Frank Martin (15 September 1890 – 21 November 1974) was a Swiss composer, who lived a large part of his life in the Netherlands.
Childhood and youth
Born into a Huguenot family in the Eaux-Vives quarter of Geneva, the youngest of the ten children of a Calvinist pastor named Charles Martin, Frank Martin was improvising at the piano even before he started school. At the age of nine, despite having received no musical instruction, he wrote some complete songs. He attended a performance of Bach's St. Matthew Passion when he was 12 and was deeply affected.
Respecting his parents' wishes, he studied mathematics and physics for two years at Geneva University, but all the time he was also working at his composition and studying the piano, composition and harmony with his first music teacher Joseph Lauber (1864 - 1953), a Geneva composer and by that time a leading light of the city's musical scene. In the 1920s, Martin worked closely for a time with Émile Jaques-Dalcroze from whom he learned much about rhythm and musical theory. Between 1918 and 1926 Martin lived successively in Zurich, Rome and Paris. Compositions of the period show him searching for an authentic musical voice of his own.
The Petite Symphonie Concertante of 1944/45 made Martin's international reputation and is the best known of his orchestral works, as the early Mass is the best known of his choral compositions and the Jedermann monologues for baritone and piano or orchestra the best known of his works for solo voice. Other Martin pieces include a full-scalesymphony (1936–1937), two piano concertos, a harpsichord concerto, a violin concerto, a cello concerto, a concerto for seven wind instruments, and a series of six one-movement works he called "ballades" for various solo instruments with piano or orchestra.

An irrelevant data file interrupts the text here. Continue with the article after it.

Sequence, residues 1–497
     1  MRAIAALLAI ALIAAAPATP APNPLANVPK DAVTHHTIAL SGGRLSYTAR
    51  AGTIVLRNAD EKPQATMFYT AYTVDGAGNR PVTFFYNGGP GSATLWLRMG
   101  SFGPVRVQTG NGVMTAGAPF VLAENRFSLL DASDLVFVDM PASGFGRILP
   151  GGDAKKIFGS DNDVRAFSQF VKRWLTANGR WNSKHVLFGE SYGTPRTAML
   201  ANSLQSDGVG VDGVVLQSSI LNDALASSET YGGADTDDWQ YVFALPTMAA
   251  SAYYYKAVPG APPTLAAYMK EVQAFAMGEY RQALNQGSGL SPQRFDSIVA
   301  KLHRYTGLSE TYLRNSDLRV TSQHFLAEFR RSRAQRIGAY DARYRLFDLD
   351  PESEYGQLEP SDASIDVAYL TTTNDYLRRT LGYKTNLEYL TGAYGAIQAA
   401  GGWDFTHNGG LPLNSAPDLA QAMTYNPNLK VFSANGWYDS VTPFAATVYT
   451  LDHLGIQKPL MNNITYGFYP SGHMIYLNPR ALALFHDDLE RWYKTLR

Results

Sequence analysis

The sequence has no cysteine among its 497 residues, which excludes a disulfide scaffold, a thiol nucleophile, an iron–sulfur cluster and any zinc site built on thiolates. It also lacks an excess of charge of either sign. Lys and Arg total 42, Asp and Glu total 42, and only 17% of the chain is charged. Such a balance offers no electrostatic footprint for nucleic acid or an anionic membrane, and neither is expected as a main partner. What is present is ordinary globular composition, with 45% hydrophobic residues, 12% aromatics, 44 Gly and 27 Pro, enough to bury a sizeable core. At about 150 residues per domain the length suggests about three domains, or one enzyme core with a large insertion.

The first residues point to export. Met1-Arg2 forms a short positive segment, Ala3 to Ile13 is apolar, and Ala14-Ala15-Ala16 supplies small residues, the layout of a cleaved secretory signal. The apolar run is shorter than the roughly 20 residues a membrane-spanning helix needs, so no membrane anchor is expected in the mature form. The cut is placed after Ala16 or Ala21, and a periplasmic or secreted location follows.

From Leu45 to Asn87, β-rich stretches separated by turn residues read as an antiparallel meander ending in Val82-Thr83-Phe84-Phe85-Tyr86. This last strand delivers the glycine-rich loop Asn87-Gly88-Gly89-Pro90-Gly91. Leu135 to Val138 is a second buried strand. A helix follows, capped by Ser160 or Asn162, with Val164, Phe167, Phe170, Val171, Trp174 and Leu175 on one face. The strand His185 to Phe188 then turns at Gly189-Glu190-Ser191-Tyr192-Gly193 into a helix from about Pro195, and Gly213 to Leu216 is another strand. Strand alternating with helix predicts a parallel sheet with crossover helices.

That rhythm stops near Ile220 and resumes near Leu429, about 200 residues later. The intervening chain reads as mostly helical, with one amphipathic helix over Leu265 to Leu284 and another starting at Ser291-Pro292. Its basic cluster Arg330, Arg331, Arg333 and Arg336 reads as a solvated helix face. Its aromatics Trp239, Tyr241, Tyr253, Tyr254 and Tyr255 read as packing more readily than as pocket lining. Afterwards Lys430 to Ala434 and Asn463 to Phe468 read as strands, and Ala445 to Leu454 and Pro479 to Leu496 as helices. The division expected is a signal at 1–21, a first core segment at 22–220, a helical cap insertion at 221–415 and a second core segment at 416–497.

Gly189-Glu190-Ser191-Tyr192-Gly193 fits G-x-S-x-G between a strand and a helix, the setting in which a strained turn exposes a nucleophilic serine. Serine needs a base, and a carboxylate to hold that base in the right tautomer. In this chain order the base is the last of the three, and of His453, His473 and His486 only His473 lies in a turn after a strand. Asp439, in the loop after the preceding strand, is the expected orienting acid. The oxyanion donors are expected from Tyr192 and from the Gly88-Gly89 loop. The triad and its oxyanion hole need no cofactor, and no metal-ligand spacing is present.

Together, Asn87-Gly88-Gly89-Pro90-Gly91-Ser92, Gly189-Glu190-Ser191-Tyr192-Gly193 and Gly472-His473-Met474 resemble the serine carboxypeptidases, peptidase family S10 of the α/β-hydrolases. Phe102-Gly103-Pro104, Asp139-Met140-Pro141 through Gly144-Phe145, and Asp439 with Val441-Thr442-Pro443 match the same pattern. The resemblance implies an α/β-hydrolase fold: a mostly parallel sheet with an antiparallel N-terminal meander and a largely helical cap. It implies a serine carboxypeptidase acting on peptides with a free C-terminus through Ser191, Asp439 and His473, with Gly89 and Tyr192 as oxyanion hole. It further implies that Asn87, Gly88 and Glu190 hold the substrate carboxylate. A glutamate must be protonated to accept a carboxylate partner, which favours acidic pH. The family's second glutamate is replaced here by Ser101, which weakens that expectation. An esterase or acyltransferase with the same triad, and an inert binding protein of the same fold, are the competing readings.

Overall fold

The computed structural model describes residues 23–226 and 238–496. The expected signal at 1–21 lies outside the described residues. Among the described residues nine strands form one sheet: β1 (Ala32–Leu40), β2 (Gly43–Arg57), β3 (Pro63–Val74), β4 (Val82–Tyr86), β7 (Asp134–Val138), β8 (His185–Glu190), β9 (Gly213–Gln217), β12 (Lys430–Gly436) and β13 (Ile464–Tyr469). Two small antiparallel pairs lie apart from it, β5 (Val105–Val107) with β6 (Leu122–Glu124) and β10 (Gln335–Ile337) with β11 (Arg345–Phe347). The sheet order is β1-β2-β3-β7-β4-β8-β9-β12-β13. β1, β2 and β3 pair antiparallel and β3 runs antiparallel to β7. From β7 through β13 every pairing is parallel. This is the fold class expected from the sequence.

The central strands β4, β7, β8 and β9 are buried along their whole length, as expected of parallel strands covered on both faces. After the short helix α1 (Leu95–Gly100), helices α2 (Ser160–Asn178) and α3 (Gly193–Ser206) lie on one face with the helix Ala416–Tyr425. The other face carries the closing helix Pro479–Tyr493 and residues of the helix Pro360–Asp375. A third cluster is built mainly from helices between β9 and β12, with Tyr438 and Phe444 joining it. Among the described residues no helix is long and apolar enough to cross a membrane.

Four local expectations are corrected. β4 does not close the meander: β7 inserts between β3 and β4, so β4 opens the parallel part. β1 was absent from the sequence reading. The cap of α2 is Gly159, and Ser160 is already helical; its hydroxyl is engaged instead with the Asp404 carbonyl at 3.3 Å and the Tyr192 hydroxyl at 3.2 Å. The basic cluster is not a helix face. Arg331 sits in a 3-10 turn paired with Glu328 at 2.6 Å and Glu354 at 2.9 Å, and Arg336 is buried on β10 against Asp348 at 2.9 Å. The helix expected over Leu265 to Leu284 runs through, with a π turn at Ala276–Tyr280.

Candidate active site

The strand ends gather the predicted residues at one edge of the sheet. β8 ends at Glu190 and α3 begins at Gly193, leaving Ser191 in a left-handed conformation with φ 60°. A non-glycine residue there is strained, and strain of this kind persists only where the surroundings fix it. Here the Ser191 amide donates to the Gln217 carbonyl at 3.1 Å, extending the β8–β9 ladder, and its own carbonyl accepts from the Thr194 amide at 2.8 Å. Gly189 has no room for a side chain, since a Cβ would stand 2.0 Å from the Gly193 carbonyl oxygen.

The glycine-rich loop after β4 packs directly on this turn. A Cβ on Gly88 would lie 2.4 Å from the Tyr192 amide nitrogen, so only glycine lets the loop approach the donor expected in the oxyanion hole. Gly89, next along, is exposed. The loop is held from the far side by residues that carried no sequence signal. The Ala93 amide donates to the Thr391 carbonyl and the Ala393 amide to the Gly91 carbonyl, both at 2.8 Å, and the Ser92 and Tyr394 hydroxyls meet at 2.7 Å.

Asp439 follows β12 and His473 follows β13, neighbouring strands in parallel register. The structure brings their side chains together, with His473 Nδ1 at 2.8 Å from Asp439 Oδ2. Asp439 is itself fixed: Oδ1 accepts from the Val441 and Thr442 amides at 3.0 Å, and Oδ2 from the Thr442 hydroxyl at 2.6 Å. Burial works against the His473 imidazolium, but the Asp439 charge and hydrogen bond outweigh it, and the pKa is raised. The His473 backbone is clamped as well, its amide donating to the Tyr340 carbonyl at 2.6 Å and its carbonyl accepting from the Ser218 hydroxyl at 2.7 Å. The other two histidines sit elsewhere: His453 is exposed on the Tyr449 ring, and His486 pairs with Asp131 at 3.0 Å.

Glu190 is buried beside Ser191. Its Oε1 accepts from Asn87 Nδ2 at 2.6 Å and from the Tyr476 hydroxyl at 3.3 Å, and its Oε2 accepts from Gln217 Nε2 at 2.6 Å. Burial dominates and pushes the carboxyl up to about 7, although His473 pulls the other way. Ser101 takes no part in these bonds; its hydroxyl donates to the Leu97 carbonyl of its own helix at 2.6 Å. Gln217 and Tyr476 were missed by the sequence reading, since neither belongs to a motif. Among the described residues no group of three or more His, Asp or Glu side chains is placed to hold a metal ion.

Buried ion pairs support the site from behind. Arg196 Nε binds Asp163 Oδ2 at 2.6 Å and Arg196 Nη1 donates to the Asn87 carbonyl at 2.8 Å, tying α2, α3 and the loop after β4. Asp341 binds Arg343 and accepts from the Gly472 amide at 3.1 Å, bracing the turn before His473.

Among a dozen major scores for the theater are operatic settings of Shakespeare (Der Sturm [ The Tempest ], in August Wilhelm Schlegel's German version [1952 - 1955]) andMolière (Monsieur de Pourceaugnac [1960 - 1962]), and the satirical fairy tale La Nique à Satan (Thumbing Your Nose at Satan [1928 - 1931]). His works on sacred texts and subjects, which include another large-scale theater piece, Le Mystère de la Nativité (The Mystery of the Nativity) 1957/1959, are widely considered to rank among the finest religious compositions of the 20th century. Fellow Swiss musician Ernest Ansermet, a champion of his music from 1918 on, conducted recordings of many of Martin's works, such as theoratorio for soloists, double chorus & orchestra In Terra Pax (1944), with the Orchestre de la Suisse Romande.
Martin developed his mature style based on a very personal use of Arnold Schoenberg's twelve tone technique, having become interested in this around 1932, but did not abandontonality. Rather his preference for lean textures and his habitual rhythmic vehemence are at the furthest possible remove from Schoenberg's hyper-romanticism. Some of Martin's most inspired music comes from his last decade. He worked on his last cantata, Et la vie l'emporta, until ten days before his death. He died in Naarden, the Netherlands, and was buried in Geneva at the Cimetière des Rois.